Born in Prades, France, Thomas Merton had a trying and painful childhood—his mother died when he was six, and his father (an artist who moved from place to place, often leaving young Thomas unattended) died when he was fifteen. In his teens and early twenties Merton led a prodigal, sensual life in his search for fulfillment.
In his mid-twenties Merton experienced a profound conversion while attending Columbia University, and he joined the Roman Catholic church. At the age of twenty-six he entered Gethsemane Abbey in Kentucky where he would live the rest of his life as a Trappist monk.
In 1948 he published The Seven Storey Mountain, an autobiography that mirrored the spiritual climate of the times. It quickly became an international best-seller. Merton went on to write many more books that made a significant impact on the face of Western spirituality. Known for his journal writing, meditations, and social critique, Merton continues to influence the late twentieth century in many ways.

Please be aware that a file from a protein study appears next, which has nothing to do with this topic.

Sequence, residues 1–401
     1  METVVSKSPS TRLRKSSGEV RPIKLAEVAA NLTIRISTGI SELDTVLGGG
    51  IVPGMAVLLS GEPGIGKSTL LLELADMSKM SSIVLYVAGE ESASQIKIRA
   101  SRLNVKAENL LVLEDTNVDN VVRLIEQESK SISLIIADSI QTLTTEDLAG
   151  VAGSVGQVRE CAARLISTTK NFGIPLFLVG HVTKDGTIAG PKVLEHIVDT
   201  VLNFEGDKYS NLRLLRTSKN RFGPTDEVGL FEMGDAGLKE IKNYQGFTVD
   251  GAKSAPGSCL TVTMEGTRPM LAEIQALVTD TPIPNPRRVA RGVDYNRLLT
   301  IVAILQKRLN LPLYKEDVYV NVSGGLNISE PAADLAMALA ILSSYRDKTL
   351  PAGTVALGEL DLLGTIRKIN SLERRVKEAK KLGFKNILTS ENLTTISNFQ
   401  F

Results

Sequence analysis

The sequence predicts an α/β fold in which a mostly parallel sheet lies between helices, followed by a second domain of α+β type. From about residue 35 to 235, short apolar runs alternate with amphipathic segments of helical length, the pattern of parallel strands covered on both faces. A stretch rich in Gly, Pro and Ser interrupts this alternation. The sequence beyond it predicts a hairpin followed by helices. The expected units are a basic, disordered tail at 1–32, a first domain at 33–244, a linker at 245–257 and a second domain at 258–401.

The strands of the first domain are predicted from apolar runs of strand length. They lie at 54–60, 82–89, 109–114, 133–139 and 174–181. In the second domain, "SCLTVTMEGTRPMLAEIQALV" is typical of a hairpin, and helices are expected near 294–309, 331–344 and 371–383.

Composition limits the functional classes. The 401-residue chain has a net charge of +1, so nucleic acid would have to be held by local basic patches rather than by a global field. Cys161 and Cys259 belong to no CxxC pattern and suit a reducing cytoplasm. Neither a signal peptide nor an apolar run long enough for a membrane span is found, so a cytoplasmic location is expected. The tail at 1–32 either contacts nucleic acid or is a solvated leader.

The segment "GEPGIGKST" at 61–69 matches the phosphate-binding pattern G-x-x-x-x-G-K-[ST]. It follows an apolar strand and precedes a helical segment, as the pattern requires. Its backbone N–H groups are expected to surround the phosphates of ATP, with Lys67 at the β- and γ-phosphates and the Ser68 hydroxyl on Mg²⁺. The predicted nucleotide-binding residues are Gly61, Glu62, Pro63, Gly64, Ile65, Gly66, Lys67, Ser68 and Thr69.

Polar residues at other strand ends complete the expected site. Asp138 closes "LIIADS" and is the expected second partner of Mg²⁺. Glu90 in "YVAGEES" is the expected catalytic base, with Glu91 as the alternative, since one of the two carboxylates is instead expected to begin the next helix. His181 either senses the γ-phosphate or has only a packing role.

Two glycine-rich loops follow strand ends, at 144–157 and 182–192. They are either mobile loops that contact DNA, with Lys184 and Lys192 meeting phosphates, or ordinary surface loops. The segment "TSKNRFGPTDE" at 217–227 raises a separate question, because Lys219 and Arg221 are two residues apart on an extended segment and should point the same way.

Some criticize his attempts to bridge the gap between Eastern and Western spirituality, but he never surrendered his belief in the importance of a relationship with God through Jesus Christ. In the same vein, Merton also held a delicate balance between the inner and the outer life—contemplation and action. Because of this he was able to have an influence not only in the Church, but in the secular world as well. His accidental death in 1968 was a tragic loss, yet Merton continues to inspire countless men and women.